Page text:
Women’s March: Why All of Us Need to be Feminists

It’s naturally very seasonal to talk about the upcoming women’s march in Washington and all the good noise around it. The greatest thing about America is that it forces you to take a stand. I do not mean passive aggressive sharing on social media. I mean doing something about what you believe in. Whether or not you believe in labels, there’s every reason why all of us need to be feminists in today’s world. We’re all responsible for the society and culture we co-create.

Why all of us need to be feminists?

I was recently quite inspired by small town Brooklyn designers and Indie filmmakers. The world may look bleak right this moment, but the big picture of where we’re going feels heartening. We’ve covered massive ground between my mother’s marriage to mine. The right to vote, education, maternity leave and many others are not by accident. And there’s no reason why we should stop now.

Women's March- Why All of Us Need to be Feminists
Designed by Erica Canup (more posters here)

Are you a feminist?

It’s not a crime, a political or religious statement. It is not connected to Trump or Modi. Feminism is a question of gender which may get political but exists well beyond it. I may have said it several times before, but Chimamanda Adichie’s definition of a feminist deserves all sorts of reiterations:

A feminist is a man or a woman who says, “Yes, there is a problem with gender as it is today.” And we must fix it, we must make it better.

Feminism does not automatically translate into you being activists (or mad women as Indians often tend to refer to them). You do not to need to suffer as a man or woman to prove your feminism or masculinity. It’s about equality- the freedom to make similar choices, get similar opportunities and command equal respect. It’s not just a rural or sub-urban phenomena. It exists all around us, today. And we do not need to accept it. Education does make a difference but some cultural norms are so embedded in our subconscious that we don’t even question them any more. Feminism forces you to question things.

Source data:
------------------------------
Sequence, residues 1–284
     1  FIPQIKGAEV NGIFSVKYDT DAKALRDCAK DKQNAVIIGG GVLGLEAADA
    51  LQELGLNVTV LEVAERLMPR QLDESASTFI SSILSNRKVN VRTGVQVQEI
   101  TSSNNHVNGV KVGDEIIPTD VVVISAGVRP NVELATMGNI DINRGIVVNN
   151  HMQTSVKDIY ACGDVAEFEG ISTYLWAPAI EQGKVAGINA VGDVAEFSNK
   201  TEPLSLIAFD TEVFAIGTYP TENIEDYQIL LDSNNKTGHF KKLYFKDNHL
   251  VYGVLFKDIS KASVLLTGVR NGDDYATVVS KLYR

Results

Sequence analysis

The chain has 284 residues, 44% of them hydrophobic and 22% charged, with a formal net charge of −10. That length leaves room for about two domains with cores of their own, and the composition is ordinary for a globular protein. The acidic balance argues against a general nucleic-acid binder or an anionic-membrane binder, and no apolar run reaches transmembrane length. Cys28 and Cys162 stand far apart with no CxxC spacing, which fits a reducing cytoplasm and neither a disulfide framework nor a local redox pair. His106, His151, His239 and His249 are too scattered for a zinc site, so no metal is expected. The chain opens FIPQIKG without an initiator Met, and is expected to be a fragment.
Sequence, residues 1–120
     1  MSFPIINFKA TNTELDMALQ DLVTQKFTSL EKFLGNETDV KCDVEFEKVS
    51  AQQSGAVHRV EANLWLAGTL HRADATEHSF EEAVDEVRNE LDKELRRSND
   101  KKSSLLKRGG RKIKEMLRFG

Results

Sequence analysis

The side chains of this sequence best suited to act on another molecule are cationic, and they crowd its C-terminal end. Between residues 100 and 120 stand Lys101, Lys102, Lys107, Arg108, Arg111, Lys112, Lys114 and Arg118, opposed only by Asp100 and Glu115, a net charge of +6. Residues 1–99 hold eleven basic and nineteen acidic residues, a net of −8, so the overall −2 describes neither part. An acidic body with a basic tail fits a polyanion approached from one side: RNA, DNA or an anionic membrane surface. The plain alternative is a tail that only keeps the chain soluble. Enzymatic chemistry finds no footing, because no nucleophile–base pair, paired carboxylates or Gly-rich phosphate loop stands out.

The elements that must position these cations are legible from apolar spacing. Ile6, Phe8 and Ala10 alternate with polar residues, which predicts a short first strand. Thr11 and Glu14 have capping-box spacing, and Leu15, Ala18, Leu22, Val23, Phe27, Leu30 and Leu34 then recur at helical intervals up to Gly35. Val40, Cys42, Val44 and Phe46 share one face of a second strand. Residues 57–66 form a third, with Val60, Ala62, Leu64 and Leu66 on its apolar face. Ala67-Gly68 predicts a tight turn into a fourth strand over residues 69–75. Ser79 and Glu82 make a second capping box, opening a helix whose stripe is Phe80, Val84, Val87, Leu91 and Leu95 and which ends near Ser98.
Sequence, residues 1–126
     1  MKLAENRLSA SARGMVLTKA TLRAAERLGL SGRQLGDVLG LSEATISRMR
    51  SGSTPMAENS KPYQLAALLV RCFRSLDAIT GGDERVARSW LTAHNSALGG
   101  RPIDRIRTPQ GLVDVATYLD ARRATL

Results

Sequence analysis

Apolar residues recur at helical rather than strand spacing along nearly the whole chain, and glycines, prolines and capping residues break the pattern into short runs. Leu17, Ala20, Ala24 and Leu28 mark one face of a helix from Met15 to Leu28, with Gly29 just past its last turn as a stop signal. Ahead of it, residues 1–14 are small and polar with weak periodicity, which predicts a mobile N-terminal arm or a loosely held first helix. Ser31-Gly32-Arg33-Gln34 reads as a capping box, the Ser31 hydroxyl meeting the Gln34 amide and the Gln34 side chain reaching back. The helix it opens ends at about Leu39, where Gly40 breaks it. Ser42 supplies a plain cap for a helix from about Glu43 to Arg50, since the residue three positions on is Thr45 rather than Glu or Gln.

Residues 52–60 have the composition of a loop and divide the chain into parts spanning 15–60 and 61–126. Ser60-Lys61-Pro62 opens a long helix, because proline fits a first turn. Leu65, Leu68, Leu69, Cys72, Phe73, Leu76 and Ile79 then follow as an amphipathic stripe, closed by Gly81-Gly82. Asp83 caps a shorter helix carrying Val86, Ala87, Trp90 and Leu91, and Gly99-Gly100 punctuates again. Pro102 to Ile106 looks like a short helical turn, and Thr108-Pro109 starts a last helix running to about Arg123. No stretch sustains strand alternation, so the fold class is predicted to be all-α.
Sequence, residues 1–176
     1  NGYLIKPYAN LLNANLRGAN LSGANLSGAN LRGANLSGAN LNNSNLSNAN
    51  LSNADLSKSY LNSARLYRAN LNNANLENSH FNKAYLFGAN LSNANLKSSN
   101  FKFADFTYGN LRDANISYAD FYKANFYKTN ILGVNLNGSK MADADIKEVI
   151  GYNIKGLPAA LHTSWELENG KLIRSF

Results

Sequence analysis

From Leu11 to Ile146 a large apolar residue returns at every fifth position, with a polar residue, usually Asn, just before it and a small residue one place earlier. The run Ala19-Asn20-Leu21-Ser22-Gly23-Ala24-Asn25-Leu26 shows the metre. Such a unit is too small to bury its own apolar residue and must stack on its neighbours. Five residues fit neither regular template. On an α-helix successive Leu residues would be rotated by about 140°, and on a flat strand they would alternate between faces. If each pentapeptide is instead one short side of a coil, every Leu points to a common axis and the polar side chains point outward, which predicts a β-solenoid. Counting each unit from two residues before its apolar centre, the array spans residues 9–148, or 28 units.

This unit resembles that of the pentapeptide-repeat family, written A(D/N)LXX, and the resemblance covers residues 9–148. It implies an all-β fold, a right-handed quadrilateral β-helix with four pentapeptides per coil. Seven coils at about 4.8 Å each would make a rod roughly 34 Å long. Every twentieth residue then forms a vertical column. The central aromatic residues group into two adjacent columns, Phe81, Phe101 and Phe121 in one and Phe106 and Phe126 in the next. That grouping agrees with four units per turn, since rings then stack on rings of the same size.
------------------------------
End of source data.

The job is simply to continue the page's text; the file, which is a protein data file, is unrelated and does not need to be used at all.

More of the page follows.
Have you experienced everyday sexism? (Chances are you have)

I’m a college educated (3 university degrees), urban woman of a higher caste in India. This puts me in a privileged category. Yet, my experiences are not the same as a man from a similar background. The everyday sexism I have faced is not from people of Haryana or Uttar Pradesh who were uneducated or entitled. It’s from regular people in office, at school or even people who I grew up with- men and women.